The resulting jersey fabric is super soft, lightweight and feels great on the skin. There is ample stretch built in which allowed the jersey to conform nicely to my upper body. I’m a heavy sweater and rode in this jersey on plenty of long, hot climbs and it has never felt soggy or waterlogged like some other jerseys I have worn. So I can vouch for the fast drying fabric, but it’s not practicable to test UPF or the deoderizing aspect of the coffee grounds (sorry, but it goes in the wash after each wearing).
The OORR Pro jersey design is based on the classic formula of full-length front zipper, 3 rear pockets, vented side/armpit panels, and a race-cut fit. Added niceties include chafing protection at the top and bottom of the zipper. There is a zipper garage at the bottom hem to protect your bibs and a protective flap (patterned with coffee beans!) behind the zipper at the collar to improve neck comfort when fully zipped up. Longer sleeves combined with grippers at the sleeve ends and rear hemline keep the jersey snuggly in place. The only feature missing is an extra pocket that is zippered and/or waterproof (a feature that is available in OORR’s men’s Ultralight jersey, as well as some of the company’s women’s models).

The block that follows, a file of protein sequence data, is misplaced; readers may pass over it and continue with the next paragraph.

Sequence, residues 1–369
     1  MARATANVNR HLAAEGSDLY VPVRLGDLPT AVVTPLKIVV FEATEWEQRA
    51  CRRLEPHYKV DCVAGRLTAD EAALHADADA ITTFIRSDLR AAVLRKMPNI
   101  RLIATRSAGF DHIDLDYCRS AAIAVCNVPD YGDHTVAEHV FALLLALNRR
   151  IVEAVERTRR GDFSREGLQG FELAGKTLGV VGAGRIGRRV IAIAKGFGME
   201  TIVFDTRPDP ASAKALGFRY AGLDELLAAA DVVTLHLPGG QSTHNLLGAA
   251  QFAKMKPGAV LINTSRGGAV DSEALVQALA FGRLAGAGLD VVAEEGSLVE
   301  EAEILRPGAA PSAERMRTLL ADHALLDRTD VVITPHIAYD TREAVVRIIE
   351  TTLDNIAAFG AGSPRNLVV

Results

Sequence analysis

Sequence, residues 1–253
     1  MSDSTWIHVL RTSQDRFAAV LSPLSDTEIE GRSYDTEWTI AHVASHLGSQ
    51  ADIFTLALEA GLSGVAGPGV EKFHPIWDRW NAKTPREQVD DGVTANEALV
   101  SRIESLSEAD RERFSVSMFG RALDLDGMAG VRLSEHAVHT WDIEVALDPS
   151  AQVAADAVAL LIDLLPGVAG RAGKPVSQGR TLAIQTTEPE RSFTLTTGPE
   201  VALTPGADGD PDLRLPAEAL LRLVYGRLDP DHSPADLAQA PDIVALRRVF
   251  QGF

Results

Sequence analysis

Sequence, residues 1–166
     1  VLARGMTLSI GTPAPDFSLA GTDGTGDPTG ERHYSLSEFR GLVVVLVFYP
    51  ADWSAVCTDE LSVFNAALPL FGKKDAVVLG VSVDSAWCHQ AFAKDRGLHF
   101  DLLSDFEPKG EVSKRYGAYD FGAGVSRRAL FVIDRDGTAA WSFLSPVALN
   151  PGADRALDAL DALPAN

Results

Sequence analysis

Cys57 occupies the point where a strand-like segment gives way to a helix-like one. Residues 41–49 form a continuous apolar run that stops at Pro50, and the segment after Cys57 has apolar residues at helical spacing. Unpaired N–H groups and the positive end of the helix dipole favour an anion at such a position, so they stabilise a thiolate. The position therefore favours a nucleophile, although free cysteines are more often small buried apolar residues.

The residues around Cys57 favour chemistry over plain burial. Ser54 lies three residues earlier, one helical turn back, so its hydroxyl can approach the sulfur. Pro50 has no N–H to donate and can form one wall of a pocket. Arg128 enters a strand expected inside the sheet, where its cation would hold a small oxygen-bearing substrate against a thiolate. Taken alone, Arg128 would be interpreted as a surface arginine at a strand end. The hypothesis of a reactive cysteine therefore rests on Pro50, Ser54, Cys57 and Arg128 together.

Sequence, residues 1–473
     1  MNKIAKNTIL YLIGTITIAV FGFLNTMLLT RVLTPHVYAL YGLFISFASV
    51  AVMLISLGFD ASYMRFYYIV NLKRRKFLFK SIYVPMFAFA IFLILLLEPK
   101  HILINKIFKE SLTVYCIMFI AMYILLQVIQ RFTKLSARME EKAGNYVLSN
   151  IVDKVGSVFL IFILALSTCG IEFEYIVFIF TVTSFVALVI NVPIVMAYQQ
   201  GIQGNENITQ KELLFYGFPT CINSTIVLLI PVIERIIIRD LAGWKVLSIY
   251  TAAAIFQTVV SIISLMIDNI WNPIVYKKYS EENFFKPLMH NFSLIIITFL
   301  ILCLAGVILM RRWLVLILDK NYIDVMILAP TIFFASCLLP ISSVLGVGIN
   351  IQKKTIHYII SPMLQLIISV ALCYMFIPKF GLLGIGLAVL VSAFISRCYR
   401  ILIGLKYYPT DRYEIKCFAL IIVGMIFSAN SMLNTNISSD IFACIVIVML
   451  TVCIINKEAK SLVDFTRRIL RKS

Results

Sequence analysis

Click to read the review of OORR’s Women’s Jersey and Bib Shorts
There are several jersey colors/patterns available, but the common theme is visibility that is more exciting than a solid fluorescent green. The patterns take their forms from everyday markers for danger or caution in the hope that drivers will recognize the symbols and instinctively be more careful.
For example, diagonal contrasting stripes are similar to police line tape seen at crime scenes and the BOORRD ROOM checkerboard pattern is similar to those seen on European police cars. Personally, I think the designs definitely grab the eye, and I like them. There is also a reflective logo and tab on the rear of the jersey for extra visibility in low light.